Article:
Whether a candidate for office may obtain the identity of an individual providing anonymous online comments
The facts of this case began in an online chat on a suburban newspaper's comment board. The chat was between two individuals (one later identified as a minor) who posted various sarcastic comments about a local election under anonymous screen names. The minor's mother, a candidate in the election, was the subject of much of the chatter.
Using Supreme Court Rule 224 (Ill. S. Ct. R. 224), she ultimately filed a petition on her son's behalf, seeking the discovery of a commenter’s identity (referred to as John Doe). The comments were allegedly defamatory of her child. Initially, the trial court ordered that the identity of the subscriber to the internet protocol (IP) address used by John Doe when posting on the website would be revealed to petitioner.
John Doe appealed. He asserted that the trial court applied the wrong standard because the challenged comments were not defamatory. John Doe also contended that the challenged comments were immune by the Citizen Participation Act, which protects the constitutional rights of citizens and organizations to be involved and participate freely in the process of government.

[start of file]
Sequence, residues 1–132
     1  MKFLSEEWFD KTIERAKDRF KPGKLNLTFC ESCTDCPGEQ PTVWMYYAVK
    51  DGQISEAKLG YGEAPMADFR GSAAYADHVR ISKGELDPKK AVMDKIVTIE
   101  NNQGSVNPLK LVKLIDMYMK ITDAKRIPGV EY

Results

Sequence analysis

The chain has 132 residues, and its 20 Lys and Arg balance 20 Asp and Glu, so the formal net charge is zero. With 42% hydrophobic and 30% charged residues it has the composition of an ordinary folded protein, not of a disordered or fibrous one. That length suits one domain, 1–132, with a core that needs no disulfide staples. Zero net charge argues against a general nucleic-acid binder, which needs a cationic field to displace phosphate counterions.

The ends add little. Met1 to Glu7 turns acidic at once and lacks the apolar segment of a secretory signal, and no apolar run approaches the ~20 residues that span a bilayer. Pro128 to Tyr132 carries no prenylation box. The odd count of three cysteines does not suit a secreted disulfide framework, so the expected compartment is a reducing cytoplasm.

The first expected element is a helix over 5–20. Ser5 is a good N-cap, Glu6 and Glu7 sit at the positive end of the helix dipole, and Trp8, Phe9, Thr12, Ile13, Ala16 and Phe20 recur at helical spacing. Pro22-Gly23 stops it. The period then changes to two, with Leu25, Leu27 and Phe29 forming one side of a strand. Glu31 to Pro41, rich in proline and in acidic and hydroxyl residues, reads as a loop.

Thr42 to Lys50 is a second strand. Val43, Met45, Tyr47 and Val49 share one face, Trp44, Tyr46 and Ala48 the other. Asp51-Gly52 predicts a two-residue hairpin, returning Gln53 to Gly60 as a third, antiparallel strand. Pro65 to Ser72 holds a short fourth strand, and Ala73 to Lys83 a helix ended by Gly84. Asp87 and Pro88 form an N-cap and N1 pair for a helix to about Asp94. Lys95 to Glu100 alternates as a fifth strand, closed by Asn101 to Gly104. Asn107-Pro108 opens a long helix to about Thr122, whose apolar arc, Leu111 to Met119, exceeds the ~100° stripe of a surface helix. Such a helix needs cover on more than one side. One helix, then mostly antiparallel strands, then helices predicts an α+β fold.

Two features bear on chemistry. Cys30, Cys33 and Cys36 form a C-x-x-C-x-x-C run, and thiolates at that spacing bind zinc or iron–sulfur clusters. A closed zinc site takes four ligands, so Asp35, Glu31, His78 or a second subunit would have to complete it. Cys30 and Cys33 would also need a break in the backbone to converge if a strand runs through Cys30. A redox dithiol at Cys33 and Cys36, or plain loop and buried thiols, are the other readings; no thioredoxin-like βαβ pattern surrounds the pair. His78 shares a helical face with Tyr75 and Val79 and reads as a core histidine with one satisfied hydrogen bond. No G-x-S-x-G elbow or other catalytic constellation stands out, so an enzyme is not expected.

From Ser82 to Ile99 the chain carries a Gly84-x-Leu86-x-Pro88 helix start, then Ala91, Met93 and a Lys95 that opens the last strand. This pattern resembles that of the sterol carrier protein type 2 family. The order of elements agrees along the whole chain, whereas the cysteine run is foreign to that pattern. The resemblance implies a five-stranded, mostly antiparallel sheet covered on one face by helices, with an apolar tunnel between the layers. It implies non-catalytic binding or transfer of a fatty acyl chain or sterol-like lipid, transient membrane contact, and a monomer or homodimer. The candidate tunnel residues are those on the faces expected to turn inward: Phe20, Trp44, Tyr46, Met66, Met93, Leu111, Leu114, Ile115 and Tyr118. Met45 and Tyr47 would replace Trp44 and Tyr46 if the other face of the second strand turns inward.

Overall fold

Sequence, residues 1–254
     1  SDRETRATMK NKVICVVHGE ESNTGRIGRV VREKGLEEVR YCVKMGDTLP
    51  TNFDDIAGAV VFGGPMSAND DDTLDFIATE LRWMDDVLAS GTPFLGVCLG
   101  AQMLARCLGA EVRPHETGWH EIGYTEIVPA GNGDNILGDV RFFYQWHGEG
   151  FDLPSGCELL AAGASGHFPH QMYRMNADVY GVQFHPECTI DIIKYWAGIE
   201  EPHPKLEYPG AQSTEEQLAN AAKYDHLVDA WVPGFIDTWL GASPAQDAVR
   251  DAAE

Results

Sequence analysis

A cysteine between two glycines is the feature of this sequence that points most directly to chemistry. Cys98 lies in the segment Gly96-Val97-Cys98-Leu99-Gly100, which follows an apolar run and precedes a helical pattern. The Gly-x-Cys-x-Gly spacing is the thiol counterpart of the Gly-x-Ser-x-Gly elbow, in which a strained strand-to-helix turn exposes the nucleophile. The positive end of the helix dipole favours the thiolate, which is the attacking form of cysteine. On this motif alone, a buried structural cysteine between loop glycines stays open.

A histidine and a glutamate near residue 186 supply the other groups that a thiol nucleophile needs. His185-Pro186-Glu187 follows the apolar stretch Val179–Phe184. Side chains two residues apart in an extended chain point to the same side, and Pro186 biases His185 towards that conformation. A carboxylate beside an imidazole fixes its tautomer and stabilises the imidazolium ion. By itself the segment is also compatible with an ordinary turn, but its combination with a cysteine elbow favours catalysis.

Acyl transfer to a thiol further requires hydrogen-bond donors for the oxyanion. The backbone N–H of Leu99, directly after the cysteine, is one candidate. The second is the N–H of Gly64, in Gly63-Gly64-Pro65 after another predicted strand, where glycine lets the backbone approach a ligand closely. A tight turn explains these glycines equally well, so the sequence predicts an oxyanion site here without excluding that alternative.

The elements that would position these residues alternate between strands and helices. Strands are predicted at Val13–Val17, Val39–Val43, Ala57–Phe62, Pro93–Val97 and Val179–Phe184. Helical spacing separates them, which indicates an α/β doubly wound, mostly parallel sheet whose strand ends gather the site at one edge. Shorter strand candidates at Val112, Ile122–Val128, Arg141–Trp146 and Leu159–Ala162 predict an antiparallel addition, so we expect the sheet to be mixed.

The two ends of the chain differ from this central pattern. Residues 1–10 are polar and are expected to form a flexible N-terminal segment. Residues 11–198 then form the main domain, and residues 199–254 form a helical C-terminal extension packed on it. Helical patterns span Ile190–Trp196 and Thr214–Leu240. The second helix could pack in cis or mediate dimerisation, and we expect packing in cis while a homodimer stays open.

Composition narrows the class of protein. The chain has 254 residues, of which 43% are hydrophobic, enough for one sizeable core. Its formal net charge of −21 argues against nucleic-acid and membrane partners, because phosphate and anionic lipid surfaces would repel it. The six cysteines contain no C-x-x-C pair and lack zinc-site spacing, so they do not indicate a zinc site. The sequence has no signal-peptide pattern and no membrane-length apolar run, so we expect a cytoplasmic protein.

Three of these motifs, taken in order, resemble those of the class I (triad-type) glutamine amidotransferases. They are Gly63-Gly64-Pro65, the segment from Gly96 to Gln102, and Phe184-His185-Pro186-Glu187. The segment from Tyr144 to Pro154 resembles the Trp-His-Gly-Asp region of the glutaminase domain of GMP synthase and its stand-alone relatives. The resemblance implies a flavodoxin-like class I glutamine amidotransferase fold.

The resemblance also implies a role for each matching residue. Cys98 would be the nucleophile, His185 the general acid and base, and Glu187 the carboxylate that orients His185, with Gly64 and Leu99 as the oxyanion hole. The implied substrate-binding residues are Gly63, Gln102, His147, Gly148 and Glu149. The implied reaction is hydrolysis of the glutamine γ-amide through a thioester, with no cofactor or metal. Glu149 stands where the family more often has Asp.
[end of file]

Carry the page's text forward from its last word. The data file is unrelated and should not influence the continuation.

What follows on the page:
The appellate court held that John Doe’s identity should not be revealed because the minor’s mother did not allege enough facts to show a cause of action for defamation, which is required under Ill. S. Ct. R. 224. Based upon its ruling, the court did not address John Doe’s assertion that the challenged comments were immune by the Citizen Participation Act. However, this case serves as a reminder to elected officials that citizens have broad First Amendment rights that require elected officials to have thick skin.